Visual ecology is the study of how animals use visual systems to meet their ecological needs, how these systems have evolved, and how they are specialized for particular visual tasks. Visual Ecology provides the first up-to-date synthesis of the field to appear in more than three decades.
As portrayals of heroic women gain ground in film, television, and other media, their depictions are breaking free of females as versions of male heroes or simple stereotypes of acutely weak or overly strong women. Although heroines continue to represent the traditional roles of mothers, goddesses, warriors, whores, witches, and priestesses, these women are no longer just damsels in distress or violent warriors.
Blending social history with pioneering architecture and business analysis, Dolphin Square provides a detailed history of the London landmark and its antecedents.
Dolphin Square was and is no ordinary block of flats. Built on a massive scale to a high density in the mid-1930s, it was a pioneering example of concrete design, and when completed was the largest single residential building in Europe.
When high jumper Alice Coachman won the high jump title at the 1941 national championships with “a spectacular leap,” African American women had been participating in competitive sport for close to twenty-five years. Yet it would be another twenty years before they would experience something akin to the national fame and recognition that African American men had known since the 1930s, the days of Joe Louis and Jesse Owens. From the 1920s, when black women athletes were confined to competing within the black community, through the heady days of the late twentieth century when they ruled the world of women’s track and field, African American women found sport opened the door to a better life. However, they also discovered that success meant challenging perceptions that many Americans–both black and white–held of them.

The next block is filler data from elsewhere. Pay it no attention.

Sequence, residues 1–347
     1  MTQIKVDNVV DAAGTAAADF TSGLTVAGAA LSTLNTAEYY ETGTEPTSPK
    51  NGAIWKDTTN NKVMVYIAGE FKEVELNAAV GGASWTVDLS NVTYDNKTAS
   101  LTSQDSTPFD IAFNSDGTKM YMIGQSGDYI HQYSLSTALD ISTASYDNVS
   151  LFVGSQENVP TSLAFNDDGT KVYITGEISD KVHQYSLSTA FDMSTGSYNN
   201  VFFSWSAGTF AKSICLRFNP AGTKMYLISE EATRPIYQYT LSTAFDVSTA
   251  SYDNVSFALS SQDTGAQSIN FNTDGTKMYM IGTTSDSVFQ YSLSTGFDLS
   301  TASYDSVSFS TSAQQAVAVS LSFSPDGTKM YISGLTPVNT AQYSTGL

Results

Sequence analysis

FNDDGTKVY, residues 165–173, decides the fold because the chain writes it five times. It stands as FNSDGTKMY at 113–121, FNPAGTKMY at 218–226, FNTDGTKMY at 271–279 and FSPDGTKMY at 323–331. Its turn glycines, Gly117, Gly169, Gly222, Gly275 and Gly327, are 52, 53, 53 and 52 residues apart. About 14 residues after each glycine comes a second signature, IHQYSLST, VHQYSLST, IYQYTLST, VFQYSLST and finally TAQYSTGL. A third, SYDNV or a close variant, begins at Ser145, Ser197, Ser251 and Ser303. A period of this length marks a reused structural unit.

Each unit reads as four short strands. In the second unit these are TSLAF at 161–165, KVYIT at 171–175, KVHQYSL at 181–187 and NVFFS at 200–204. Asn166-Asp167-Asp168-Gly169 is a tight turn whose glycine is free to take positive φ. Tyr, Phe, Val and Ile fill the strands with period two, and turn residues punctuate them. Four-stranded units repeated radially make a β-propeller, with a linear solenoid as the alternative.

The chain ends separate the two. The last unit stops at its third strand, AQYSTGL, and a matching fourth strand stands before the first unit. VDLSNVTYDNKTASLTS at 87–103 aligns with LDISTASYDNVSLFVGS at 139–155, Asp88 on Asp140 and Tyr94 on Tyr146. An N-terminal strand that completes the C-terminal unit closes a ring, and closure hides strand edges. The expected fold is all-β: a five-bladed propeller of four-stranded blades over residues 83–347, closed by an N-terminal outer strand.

Every day in American cities street vendors spread out their wares on sidewalks, food trucks serve lunch from the curb, and homeowners hold sales in their front yards — examples of the wide range of informal activities that take place largely beyond the reach of government regulation. This book examines the “informal revolution” in American urban life, exploring a proliferating phenomenon often associated with developing countries rather than industrialized ones and often dismissed by planners and policy makers as marginal or even criminal.
Most scholarship on the mass migrations of African Americans and southern whites during and after the Great Depression treats those migrations as separate phenomena, strictly divided along racial lines. In this engaging interdisciplinary work, Erin Royston Battat argues instead that we should understand these Depression-era migrations as interconnected responses to the capitalist collapse and political upheavals of the early twentieth century.
Woodrow Wilson is often considered one of the greatest presidents in American history because, in the first two years of his presidency, he succeeded on many fronts. However, acclaimed author and historian Richard Striner now makes the case that a presidency that is too often idealized was full of missteps and failures that profoundly affected America’s politics and people long after it ended.
In Paris Blues, Andy Fry provides an alternative history of African American music and musicians in France, one that looks beyond familiar personalities and well-rehearsed stories. He pinpoints key issues of race and nation in France’s complicated jazz history from the 1920s through the 1950s. While he deals with many of the traditional icons—such as Josephine Baker, Django Reinhardt, and Sidney Bechet, among others—what he asks is how they came to be so iconic, and what their stories hide as well as what they preserve.